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Why lenders should note a landmark landlord and tenant decision

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01/11/2016

Andrew Beck highlights a recent housing case which could impact a lenders’ possession process following a borrower’s breach of suspended possession order.

In a recent landlord and tenant case, the Court of Appeal has confirmed that Civil Procedure Rule 83.2 requires a landlord to obtain permission from the court before applying for a warrant of possession where a tenant has allegedly breached a suspended possession order (SPO).  Andrew Beck explains why Cardiff County Council v Lee (Flowers) [1] is likely to impact upon lenders and their possession process in SPO cases.

Important judicial protection

The Court of Appeal noted that CPR 83.2 provides a layer of judicial protection for a tenant by requiring judicial scrutiny of the landlord’s claim that SPO conditions have been breached. That layer of protection means that, in practice, landlords must now undergo a two-stage process prior to recovering possession:

  1. applying, with evidence of the alleged breach[es], for the court’s permission to issue a warrant; and then
  2. applying for issue of the warrant itself.

In this case the landlord had conceded that, under CPR 83.2(3)(e), a landlord does need permission to enforce an SPO, so the point was not tested. It is, however, the Court of Appeal’s commentary which will be of interest to lenders, and which is likely to put them to the additional step of making an application for permission prior to enforcing an SPO in the event of a borrower’s breach.

Lady Justice Arden explained that, without the important protection of CPR 83.2, an unscrupulous landlord could take advantage of a claimed but unsubstantiated breach of an SPO to push through an eviction based on a warrant which has been issued via a merely administrative (as opposed to a judicial) process. She commented that the CPR 83.2 protection is not to be taken lightly and went so far as to advise that social landlords, county court offices and even the CPR committee should review their processes to ensure that, in SPO cases, warrants should not be issued where the court’s permission has not been obtained.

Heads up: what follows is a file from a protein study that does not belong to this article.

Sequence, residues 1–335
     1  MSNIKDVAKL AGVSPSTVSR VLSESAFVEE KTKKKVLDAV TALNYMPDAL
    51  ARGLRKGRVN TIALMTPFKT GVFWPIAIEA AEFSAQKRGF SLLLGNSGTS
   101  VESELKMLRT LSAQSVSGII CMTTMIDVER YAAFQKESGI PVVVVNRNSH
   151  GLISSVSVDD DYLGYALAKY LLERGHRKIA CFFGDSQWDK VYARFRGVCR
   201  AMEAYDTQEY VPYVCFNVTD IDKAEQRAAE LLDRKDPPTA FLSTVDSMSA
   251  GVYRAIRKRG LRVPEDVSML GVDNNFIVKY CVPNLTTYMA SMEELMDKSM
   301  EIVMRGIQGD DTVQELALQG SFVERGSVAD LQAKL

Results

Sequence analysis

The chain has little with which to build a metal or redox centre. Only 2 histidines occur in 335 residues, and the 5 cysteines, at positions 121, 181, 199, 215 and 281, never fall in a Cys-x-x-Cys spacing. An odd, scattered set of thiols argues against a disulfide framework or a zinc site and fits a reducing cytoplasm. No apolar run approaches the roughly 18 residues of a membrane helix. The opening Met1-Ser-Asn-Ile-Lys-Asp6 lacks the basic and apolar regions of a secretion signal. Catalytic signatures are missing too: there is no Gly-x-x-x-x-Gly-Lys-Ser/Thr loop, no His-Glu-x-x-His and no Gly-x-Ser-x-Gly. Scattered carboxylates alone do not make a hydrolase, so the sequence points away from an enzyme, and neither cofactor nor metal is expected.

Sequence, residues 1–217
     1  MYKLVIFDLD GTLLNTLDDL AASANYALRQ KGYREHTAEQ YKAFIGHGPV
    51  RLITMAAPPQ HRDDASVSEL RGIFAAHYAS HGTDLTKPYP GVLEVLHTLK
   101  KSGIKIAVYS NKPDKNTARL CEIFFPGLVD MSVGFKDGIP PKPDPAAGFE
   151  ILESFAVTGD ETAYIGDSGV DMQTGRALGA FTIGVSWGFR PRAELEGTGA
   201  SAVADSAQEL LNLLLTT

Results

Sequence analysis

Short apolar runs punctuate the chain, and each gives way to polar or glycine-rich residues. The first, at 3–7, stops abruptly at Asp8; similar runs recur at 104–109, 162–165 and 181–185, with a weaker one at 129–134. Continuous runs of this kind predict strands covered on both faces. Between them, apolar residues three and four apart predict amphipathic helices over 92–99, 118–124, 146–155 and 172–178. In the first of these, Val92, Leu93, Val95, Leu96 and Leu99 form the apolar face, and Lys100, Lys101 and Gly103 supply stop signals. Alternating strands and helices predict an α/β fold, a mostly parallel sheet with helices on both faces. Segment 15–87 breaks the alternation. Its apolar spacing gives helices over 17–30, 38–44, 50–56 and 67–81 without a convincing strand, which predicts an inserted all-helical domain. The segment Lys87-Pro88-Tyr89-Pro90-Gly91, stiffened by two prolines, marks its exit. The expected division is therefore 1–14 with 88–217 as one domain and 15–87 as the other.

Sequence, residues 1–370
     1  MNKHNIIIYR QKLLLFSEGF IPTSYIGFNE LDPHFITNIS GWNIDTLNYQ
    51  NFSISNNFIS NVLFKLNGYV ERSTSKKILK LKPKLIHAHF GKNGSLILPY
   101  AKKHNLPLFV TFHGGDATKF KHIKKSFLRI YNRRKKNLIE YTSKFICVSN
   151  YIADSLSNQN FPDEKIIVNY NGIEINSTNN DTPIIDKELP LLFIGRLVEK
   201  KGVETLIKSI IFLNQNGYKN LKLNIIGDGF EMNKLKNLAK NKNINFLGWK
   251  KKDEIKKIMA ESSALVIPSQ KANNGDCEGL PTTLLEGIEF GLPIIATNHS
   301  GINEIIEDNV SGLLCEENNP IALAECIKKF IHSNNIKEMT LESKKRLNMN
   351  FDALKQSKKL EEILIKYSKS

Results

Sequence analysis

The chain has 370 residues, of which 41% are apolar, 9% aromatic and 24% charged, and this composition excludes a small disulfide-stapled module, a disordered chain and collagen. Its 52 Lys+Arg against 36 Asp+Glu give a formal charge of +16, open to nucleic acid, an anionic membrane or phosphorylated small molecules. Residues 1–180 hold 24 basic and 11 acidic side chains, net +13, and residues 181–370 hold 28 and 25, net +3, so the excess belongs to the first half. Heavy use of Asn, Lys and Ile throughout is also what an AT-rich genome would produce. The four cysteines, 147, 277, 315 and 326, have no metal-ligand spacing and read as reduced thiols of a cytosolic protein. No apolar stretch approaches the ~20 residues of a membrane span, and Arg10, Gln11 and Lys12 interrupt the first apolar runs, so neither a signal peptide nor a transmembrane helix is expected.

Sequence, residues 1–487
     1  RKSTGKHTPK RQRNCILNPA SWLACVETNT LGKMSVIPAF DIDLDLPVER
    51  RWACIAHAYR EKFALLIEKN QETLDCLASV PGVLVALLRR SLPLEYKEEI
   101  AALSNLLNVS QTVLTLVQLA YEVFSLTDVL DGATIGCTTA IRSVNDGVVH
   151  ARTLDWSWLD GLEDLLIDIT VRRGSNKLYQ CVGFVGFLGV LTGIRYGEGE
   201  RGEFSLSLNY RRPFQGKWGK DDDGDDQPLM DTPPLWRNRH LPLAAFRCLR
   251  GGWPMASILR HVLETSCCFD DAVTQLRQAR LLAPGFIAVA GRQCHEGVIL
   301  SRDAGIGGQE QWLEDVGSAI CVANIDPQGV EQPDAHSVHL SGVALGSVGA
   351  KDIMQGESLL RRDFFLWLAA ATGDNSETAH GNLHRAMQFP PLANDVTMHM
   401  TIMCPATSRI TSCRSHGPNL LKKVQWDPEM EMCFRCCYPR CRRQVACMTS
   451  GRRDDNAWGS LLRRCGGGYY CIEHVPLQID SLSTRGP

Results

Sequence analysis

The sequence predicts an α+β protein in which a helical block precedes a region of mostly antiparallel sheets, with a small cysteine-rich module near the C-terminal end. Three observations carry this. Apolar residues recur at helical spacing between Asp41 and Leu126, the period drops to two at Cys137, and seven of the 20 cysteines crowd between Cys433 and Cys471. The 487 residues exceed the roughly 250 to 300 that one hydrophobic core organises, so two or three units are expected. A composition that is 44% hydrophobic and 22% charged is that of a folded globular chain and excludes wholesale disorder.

Practical advice for lenders

Although Cardiff v Lee deals with a landlord and tenant scenario, the legal provisions with which it is concerned are not restricted to that relationship.  It seems highly likely, by analogy, that the same requirement to obtain the court’s permission would apply to a lender looking to obtain a warrant against a borrower that is in breach of any SPO conditions.

Lenders should be aware that enforcement applications may now get returned by the court in SPO cases where the court’s permission has not been sought and obtained. Applying for the court’s permission is likely to involve an additional application, made with a witness statement in support, along with the additional court fee (currently £100) and legal preparation cost that such an application will entail.

Permission applications may be made without notice to the tenant/borrower and, in many cases, it is anticipated that such applications will be granted, and thereafter a warrant issued, without a hitch. However, by its very nature, any such application will be judged on its merits and some cases may require more evidence and judicial examination than others.  The court may list a hearing in cases where it feels that is necessary, which would involve yet further cost.

Exactly how lenders will adapt their processes, and how rigorously the courts will deal with enforcement in SPO cases now remains to be seen.  Walker Morris will continue to monitor and report on developments.

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[1] [2016] EWCA Civ 1034

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